Do use leaf lard if you can find it (one of my own little twists: it's just another animal fat, like butter but allowed, and it has a luxurious mouth feel) and pay close attention to the amount of salt called for.
The avocado is essential as is the tomatillo salsa, which was easy and fun to make. Speaking of, did you know tomatillos are closest to gooseberries? Prehistoric sized gooseberries, LOL.
This recipe makes a lot of carnitas, and total cooking time is about 3 hrs, definitely a weekend project. But it freezes and reheats very well because of the fat content. Think how lovely it will be to come home after a hard day at work, reach in the fridge for a thawed out ziploc of carnitas, and assemble a quick meal that tastes like a million bucks! Generously serves 4-5.
2.5 lb pasture raised pork shoulder (or pork butt, same thing), cut into 1.5" pieces
1/2 white onion, sliced paper thin
1/2 orange, cut in two
Leaf lard (rendered solely from kidney fat), or pork lard, or bacon fat. Leaf lard is by far the best choice. Bacon fat will brown but also burn quickly, so be careful with that one.
6 medium cloves garlic, peeled
3 bay leaves
1 TB whole coconut milk
1 rounded tsp raw honey
1 tsp dried oregano: if you double the amount of meat, increase the oregano to 2 tsp
Charred Tomatillo Salsa
1 lb tomatillos, husks removed, sticky coating rinsed off and dried with paper towels
1 large garlic clove, still in the skin
1 serrano or jalapeno pepper
Optional: 1 dried ancho chile
1/3 c cilantro leaves, coarsely chopped
1 tsp raw honey
1/3 c white onion, finely chopped
Avocado, sliced and coated with lime juice to prevent browning
1 lime, cut in 6 wedges
Large iceberg, green or red lettuce leaves, for using like "faux tortillas", allow 3 per person
Normally, pork shoulder is pretty fatty, sometimes as much as 25% fat. If that's the case, you will want about 1/4 c leaf lard. As you can see, my pork shoulder is extraordinarily lean. It's obvious that it was allowed to roam free in a pasture, got a lot of exercise, and wasn't fattened up in a feedlot. Because it's so lean, I used 1/2 c leaf lard, which was the perfect amount.
Put all the carnitas ingredients in a dutch oven and add just enough water to barely cover the meat. Add 1/2 tsp salt per pound of pork, no more. If you are using any salt other than kosher, cut the amount in half. Remember, the water is going to completely cook down, so the salt will be extremely concentrated by the time it's ready. If you're increasing the recipe meat-wise, the only other ingredient that needs to be adjusted is the oregano.
Bring to a boil on the stove, reduce to a fast simmer, and cook uncovered about 1.5 hrs, until the pork is just fork tender.
While the pork is simmering, make the salsa:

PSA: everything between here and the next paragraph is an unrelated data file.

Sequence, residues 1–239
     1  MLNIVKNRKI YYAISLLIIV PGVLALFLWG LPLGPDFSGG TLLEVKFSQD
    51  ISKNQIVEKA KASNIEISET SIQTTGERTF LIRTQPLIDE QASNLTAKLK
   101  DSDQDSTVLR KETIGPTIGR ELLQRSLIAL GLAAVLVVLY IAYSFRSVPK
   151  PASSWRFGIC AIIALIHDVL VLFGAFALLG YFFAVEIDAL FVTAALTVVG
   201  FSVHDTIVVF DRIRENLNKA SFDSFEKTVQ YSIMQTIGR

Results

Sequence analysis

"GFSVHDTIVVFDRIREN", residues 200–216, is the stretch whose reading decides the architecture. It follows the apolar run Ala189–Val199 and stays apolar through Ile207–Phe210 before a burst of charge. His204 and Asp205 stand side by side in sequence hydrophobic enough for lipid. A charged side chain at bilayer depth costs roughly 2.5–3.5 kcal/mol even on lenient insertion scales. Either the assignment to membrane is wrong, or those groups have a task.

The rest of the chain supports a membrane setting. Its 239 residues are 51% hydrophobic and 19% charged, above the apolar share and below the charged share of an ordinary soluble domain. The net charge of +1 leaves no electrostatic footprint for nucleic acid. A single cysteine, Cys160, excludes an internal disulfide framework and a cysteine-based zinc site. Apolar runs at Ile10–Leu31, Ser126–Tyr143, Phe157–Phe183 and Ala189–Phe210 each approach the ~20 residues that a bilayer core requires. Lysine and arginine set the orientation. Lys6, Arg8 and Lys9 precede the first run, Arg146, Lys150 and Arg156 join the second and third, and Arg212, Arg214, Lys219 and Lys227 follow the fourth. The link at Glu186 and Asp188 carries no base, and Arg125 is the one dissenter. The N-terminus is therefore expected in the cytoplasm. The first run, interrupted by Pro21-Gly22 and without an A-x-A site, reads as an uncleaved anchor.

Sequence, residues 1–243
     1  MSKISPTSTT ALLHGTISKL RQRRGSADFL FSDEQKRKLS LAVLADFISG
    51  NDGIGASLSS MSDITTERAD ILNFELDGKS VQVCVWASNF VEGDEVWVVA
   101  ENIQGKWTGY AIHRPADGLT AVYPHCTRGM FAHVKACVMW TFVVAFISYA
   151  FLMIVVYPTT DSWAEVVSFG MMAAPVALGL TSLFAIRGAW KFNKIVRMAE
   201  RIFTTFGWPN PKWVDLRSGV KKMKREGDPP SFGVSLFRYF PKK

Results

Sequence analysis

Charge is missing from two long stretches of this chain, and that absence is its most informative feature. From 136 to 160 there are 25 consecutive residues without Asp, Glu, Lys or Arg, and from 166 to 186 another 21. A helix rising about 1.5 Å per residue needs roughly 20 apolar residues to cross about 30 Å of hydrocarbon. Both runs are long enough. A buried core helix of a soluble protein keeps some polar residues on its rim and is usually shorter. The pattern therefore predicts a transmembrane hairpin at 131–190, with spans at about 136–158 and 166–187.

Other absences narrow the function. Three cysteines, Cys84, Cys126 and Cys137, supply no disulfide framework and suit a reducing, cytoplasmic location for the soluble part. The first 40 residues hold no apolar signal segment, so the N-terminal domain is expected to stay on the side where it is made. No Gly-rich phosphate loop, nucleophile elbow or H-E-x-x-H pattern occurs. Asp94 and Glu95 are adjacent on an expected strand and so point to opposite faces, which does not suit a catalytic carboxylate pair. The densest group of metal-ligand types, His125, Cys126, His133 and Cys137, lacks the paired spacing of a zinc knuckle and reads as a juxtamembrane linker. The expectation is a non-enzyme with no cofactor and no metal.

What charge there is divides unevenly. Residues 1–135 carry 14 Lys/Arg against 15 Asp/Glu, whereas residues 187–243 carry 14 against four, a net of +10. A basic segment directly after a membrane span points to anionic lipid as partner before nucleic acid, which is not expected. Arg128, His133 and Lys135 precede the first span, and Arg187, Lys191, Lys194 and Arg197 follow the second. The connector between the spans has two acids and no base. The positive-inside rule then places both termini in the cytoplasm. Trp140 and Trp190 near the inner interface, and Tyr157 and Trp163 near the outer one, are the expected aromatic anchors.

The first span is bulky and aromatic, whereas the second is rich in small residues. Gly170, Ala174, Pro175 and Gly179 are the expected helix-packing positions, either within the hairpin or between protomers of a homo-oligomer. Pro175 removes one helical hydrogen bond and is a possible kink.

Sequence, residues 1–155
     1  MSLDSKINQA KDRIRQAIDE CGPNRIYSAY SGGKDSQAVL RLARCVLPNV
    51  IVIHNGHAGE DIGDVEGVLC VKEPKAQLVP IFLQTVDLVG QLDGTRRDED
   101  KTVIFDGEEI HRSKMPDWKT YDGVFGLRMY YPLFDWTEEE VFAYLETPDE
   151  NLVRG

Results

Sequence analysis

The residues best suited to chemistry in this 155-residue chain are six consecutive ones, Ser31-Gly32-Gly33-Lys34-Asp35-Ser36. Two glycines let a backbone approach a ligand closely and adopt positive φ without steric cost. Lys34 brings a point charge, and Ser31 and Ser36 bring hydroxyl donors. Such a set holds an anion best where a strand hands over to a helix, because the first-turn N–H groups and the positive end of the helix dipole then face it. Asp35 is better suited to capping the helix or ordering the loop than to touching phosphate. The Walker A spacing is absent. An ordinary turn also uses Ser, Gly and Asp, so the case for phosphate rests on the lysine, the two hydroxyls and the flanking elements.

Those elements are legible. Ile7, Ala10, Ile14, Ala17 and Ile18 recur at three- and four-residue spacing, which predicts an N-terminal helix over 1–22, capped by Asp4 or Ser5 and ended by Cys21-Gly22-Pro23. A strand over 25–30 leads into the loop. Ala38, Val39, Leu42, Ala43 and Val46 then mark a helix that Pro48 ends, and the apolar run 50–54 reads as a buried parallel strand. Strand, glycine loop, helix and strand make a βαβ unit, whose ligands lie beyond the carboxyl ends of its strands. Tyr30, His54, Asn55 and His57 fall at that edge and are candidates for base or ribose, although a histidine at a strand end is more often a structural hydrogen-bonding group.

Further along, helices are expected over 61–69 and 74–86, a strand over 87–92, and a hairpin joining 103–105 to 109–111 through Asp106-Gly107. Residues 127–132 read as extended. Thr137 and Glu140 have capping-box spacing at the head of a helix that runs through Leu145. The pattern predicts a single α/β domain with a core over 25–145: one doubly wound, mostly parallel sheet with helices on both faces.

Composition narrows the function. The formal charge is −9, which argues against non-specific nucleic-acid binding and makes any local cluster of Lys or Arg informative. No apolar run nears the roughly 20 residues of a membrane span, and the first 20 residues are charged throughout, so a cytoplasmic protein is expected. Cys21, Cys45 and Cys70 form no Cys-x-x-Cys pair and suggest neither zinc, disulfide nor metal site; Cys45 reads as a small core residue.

Heat a dry cast iron skillet over medium-high heat on the stove. Get it really hot. If you're using the dried ancho chile, which I highly recommend, toast it first, using a spatula to press it flat on the skillet, charring both sides. Remove to a shallow dish, cover with hot water and soak for 30 minutes to rehydrate.
To the hot skillet, add the tomatillos, garlic and serrano or jalapeno pepper. Use tongs to turn and let the skins blister. You'll be leaving the skins on, so charring about 25-30% of the skin is fine. Be sure to leave the skin on the garlic clove: the skin will blacken, but the garlic won't burn and get bitter, just soft and browned. Remove and let cool enough to handle.
Use a paring knife to core the tomatillos, cutting out the hard little cone where it attached to the plant stem. Remove the seeds from the serrano if you want it milder, chop the pepper in small pieces, and peel the skin off the garlic. Put them all in a blender and pulse on "chop" just enough to break everything down but still leaving chunks intact. Tomatillos are fairly bitter, so taste now to see if you need to add the honey. Drain the ancho chile, use a paring knife to scrape out the seeds, cut into pieces and add to the blender along with a couple of spare pinches of salt and the chopped cilantro. Pulse/chop just enough to blend everything together, leaving it a little chunky.
Pour into a serving bowl and stir in the diced white onion.
Now that it's just fork-tender, remove the orange and bay leaves and continue at a fast simmer, stirring occasionally, for another 30 minutes as the water continues to evaporate, eventually leaving only the rendered fat and lard in the bottom of the pot.
Now the pork is ready to brown. Raise the heat to medium, and use a metal spatula to carefully move the pieces around ~ it will be falling apart, it's so tender, making lots of lovely crispy bits ~ so all the meat has a chance to get brown and crispy. Using a slotted spoon, remove the browned pieces to a serving dish so the other pieces will have room to brown as well.